UK court will not rule on Monday morning on PM Johnson's suspension of parliament

The Supreme Court will not rule on Monday morning on prime minister Boris Johnson's suspension of parliament but will update on timings later on Monday, a court spokeswoman said on Sunday.

"The hand-down for the following cases: R (on the application of Miller) (Appellant) v The Prime Minister (Respondent), Cherry and others (Respondents) v Advocate General for Scotland (Appellant) UKSC 2019/0193, will not happen tomorrow (Monday) morning," a spokeswoman said.

"I hope to make an update on timing around lunchtime tomorrow," she said.

Only in existence since 2009, the Supreme Court and its unashamedly feminist president Brenda Hale, 74, are to rule sometime this week on the constitutional crisis engulfing Britain over its torturous, mooted departure from the European Union.

Specifically, the nation's top court is to decide whether Prime Minister Boris Johnson acted unlawfully by asking Queen Elizabeth to suspend parliament for five weeks in order, as foes allege, to sidestep opposition to his Brexit-or-die agenda.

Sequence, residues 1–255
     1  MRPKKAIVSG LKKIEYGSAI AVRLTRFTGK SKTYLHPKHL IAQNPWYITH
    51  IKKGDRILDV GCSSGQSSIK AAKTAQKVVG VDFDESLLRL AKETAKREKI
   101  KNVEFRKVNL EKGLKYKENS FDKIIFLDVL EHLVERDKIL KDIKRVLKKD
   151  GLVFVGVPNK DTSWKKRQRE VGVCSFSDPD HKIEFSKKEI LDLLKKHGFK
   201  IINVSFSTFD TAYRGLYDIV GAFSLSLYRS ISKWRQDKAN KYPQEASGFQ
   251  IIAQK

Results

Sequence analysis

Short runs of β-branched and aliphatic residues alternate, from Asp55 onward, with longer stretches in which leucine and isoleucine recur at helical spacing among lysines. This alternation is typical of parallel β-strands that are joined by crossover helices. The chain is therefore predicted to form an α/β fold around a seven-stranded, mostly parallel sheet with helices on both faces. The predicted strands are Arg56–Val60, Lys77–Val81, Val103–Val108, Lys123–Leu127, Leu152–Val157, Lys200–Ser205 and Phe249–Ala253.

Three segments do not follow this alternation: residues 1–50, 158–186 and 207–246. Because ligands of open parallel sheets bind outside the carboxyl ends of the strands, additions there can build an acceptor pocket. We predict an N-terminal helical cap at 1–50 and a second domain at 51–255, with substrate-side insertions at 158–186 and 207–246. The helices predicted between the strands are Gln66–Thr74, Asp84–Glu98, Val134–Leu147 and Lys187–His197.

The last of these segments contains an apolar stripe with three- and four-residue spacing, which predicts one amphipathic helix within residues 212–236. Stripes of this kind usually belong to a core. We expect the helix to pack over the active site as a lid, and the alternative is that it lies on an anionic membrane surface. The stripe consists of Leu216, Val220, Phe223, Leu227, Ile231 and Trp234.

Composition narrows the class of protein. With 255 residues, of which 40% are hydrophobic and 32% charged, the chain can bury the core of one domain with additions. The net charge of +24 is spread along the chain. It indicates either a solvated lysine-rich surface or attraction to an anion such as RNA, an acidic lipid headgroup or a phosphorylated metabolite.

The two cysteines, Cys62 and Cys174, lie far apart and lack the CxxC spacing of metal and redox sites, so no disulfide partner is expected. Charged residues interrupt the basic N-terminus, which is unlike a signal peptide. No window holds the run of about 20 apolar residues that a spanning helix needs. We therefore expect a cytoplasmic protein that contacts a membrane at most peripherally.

Never in its short history has the Supreme Court weighed such a momentous case. And never have Britons been treated to so many modern trappings at a core establishment institution.

Unlike other British courts, Hale and her fellow judges do not wear wigs nor do they sit in an elevated position.

While TV cameras are barred from nearly all other tribunals, the Supreme Court's live stream on the first day of the hearing over Johnson was accessed on its website more than 4 million times.

"We will have to decide what the answer is and we will have to decide in one way or another what the consequences of that answer is," Hale told the court of a matter throwing British politics and society into turmoil.

"None of this is easy."

As well as having a major impact on how Brexit plays out with an Oct. 31 divorce deadline looming, the court's ruling could be a pivotal determination on the future balance of power between Britain's government and parliament.

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